Charmingly preppy — the decorative whale-print strip is on velcro and meant to be interchanged with other designs — yet also a little boho with the wooden handle. I bought this on ebay when I was looking for a kelly green handbag. This wasn't what I had in mind, but the manufacturer was from Asheville (where I live), probably during the 1960s when the textile industry was huge in North Carolina.

The satin t-strap pumps.
I bought these for my wedding — and wore them with a 30s-era silk dress — but they've come in useful so many times since then. The brown color goes with everything and the t-strap style is timeless.

Monday, April 19, 2010

The great clog comeback

When I was in third grade, clogs were all the rage. Every girl had to have a pair, which resulted in a year of clomping through the elementary school's green-tiled halls. It also resulted in a rash of sprained ankles, which kept the school nurse busy. Lesson (not that anyone bothered to learn it): 9 year-old girls lack the balance and coordination to gracefully manage clogs. (By the next year it was on to mini skirts and tentative crushes on Eric Estrada.)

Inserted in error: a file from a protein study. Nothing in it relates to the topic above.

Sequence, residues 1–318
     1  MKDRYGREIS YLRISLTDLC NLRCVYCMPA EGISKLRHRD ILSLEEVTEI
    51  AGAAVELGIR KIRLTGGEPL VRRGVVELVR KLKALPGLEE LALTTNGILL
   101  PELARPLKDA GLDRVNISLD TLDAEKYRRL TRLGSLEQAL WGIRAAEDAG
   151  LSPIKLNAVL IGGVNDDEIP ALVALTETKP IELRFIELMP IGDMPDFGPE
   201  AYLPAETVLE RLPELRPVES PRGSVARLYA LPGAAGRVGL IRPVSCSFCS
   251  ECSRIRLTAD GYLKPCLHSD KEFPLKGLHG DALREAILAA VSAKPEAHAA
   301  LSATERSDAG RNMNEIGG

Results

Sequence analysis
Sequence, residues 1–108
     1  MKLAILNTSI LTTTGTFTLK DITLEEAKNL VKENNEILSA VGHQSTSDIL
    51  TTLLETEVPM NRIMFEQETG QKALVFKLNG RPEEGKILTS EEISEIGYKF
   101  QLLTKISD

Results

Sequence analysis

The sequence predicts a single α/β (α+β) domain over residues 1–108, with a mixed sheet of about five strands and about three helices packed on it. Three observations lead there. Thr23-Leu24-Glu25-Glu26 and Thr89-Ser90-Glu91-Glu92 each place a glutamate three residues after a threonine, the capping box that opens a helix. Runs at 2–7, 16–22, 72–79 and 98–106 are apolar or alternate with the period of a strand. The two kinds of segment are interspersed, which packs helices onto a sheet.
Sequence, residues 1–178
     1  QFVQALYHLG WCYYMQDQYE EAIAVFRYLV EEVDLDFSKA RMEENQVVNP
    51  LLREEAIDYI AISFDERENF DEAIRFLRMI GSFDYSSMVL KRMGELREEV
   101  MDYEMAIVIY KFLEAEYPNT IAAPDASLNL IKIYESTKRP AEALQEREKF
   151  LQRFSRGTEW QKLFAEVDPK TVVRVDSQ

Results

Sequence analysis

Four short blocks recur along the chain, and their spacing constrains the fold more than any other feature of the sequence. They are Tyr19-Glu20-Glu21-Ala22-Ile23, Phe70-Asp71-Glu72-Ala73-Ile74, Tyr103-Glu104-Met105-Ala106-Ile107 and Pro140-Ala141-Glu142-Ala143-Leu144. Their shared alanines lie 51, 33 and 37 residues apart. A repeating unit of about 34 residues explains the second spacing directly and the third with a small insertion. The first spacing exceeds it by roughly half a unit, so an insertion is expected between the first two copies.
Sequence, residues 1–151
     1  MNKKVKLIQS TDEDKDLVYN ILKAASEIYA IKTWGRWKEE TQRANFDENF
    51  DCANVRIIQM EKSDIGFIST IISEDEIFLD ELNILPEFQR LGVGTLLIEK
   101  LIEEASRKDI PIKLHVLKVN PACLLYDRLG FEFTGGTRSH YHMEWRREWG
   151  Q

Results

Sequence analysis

70s vintage clogs from The Blue Kimono

My mom had clogs then, too — and she could actually walk in them. Hers were dark reddish-brown leather with a stylized toe cap and an ankle strap that buckled. She wore them with India-print wrap-around skirts. We were only just out of the 70s, after all. I coveted them, sitting in her closet strapping them on over my knee socks.

Ankle-strap clogs from The Fab Needle

I think that the Dansko company almost single-handedly kept the dream alive for all the clog girls out there. Kind of ironically, the shoe maker has veered off into thin-soled sandals and a matronly line of heels just as the fashion world is ready to embrace clunky clogs again. Glamour magazine ponders the effect of this trend while Chanel sends clogs down the runway and vintage savvy girls trawl ebay for delightfully retro 70s and 80s wood-and-leather originals.

Thursday, April 15, 2010

The white sundress